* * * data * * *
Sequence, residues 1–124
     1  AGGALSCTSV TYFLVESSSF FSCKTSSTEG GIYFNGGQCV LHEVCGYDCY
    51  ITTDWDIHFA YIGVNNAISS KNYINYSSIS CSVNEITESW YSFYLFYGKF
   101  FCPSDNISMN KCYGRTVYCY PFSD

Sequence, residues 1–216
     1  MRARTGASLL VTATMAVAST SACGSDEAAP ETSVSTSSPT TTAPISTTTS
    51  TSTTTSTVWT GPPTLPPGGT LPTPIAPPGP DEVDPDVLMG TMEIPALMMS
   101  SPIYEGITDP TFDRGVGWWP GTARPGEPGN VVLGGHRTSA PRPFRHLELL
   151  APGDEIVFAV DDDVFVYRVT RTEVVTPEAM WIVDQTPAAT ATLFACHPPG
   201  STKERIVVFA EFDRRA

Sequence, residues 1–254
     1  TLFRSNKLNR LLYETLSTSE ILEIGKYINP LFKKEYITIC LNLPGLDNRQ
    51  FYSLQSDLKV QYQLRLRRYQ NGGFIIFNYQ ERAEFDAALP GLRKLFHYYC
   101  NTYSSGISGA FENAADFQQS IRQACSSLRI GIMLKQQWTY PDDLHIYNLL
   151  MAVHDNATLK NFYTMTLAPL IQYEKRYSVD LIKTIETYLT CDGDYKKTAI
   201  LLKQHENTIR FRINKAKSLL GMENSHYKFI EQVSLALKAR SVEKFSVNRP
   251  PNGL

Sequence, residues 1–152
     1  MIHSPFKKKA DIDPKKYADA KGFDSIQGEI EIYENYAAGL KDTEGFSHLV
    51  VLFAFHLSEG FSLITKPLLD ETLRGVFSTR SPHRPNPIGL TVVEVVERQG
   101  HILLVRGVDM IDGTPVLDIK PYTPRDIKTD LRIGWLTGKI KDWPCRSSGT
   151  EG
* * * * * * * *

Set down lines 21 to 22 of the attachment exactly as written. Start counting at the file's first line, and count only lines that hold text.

   101  HILLVRGVDM IDGTPVLDIK PYTPRDIKTD LRIGWLTGKI KDWPCRSSGT
   151  EG